Conservation, Land Rights and Livelihoods in the Tarangire Ecosystem of Tanzania

Executive Summary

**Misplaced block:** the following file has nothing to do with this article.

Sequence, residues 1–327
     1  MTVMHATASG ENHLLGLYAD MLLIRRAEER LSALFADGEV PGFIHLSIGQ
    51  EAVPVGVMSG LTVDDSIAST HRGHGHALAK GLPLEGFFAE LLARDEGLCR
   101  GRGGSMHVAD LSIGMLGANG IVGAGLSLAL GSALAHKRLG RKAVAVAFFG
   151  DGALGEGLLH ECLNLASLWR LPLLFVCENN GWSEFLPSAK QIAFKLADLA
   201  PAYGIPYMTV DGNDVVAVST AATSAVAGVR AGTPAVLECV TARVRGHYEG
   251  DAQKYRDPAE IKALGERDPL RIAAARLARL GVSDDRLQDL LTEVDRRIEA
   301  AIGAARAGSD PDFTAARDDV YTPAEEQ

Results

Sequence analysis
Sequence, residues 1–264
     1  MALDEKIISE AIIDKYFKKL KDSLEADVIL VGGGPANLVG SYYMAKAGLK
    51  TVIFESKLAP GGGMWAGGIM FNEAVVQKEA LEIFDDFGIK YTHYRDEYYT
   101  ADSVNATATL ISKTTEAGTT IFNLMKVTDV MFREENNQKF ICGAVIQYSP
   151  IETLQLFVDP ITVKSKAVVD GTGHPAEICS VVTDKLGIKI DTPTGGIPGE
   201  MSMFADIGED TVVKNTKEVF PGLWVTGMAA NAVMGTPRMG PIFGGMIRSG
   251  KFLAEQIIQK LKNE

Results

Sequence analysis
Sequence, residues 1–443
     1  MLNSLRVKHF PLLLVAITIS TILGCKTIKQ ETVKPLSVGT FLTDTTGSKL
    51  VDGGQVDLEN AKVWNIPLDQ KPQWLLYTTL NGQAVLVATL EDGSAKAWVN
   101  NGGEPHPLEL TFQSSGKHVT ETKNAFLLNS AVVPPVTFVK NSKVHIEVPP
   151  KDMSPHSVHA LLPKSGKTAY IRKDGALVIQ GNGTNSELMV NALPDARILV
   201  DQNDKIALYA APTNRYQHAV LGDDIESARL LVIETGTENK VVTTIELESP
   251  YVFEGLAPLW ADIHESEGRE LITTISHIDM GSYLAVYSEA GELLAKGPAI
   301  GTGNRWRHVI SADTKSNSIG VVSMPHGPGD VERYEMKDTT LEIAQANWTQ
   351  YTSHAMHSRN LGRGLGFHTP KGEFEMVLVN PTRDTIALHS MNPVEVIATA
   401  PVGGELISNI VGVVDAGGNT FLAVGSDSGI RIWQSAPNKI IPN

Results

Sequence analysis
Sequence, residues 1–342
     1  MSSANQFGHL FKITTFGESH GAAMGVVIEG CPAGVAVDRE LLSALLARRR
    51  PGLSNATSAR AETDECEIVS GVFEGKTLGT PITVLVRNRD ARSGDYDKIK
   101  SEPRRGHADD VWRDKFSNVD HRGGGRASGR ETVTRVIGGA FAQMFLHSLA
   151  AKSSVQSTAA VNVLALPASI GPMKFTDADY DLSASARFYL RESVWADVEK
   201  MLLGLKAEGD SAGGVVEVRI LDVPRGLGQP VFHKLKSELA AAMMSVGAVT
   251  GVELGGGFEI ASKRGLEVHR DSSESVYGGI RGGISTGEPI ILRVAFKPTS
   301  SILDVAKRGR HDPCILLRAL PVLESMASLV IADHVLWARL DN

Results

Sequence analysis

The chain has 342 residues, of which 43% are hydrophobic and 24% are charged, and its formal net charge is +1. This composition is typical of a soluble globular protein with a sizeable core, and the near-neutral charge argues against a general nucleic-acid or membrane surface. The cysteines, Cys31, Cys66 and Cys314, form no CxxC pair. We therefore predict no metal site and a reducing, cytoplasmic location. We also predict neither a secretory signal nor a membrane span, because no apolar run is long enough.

For millennia, pastoralists have shared landscapes with wildlife throughout Africa (Pilgram, SiiriƤinen et al. 1990; Homewood and Rodgers 1991; Little, Dyson-Hudson et al. 1999). Throughout the 20th century, this co-existence has been in decline as conservation policy excluded people and livestock from protected areas, and demographic growth and expanding agriculture excluded wildlife use (Ellis and Swift 1988; Pagiola, Kellenberg et al. 1998; Homewood, Lambin et al. 2001; Serneels and Lambin 2001). Concurrently, many pastoral systems across the globe, including those of Maasai pastoralists in Tanzania, are believed to be in decline and under unprecedented pressure to diversify livestock based economies.

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